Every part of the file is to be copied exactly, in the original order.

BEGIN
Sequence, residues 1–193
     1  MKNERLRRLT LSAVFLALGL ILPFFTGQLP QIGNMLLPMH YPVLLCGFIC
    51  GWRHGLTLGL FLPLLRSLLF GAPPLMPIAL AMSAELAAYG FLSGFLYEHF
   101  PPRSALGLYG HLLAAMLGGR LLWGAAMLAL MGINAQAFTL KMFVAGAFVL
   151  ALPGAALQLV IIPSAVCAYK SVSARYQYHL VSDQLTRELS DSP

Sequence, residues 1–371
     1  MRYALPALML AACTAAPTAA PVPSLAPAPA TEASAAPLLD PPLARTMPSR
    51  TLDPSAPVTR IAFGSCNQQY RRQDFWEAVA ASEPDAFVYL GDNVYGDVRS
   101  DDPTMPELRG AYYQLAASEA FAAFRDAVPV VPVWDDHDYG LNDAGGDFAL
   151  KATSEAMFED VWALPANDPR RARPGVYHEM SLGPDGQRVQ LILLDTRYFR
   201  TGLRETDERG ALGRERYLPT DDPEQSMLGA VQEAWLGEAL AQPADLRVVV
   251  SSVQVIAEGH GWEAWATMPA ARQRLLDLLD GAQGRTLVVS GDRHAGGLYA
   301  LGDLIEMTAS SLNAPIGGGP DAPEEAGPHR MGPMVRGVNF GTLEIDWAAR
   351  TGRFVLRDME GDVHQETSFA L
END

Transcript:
Sequence, residues 1–193
     1  MKNERLRRLT LSAVFLALGL ILPFFTGQLP QIGNMLLPMH YPVLLCGFIC
    51  GWRHGLTLGL FLPLLRSLLF GAPPLMPIAL AMSAELAAYG FLSGFLYEHF
   101  PPRSALGLYG HLLAAMLGGR LLWGAAMLAL MGINAQAFTL KMFVAGAFVL
   151  ALPGAALQLV IIPSAVCAYK SVSARYQYHL VSDQLTRELS DSP

Sequence, residues 1–371
     1  MRYALPALML AACTAAPTAA PVPSLAPAPA TEASAAPLLD PPLARTMPSR
    51  TLDPSAPVTR IAFGSCNQQY RRQDFWEAVA ASEPDAFVYL GDNVYGDVRS
   101  DDPTMPELRG AYYQLAASEA FAAFRDAVPV VPVWDDHDYG LNDAGGDFAL
   151  KATSEAMFED VWALPANDPR RARPGVYHEM SLGPDGQRVQ LILLDTRYFR
   201  TGLRETDERG ALGRERYLPT DDPEQSMLGA VQEAWLGEAL AQPADLRVVV
   251  SSVQVIAEGH GWEAWATMPA ARQRLLDLLD GAQGRTLVVS GDRHAGGLYA
   301  LGDLIEMTAS SLNAPIGGGP DAPEEAGPHR MGPMVRGVNF GTLEIDWAAR
   351  TGRFVLRDME GDVHQETSFA L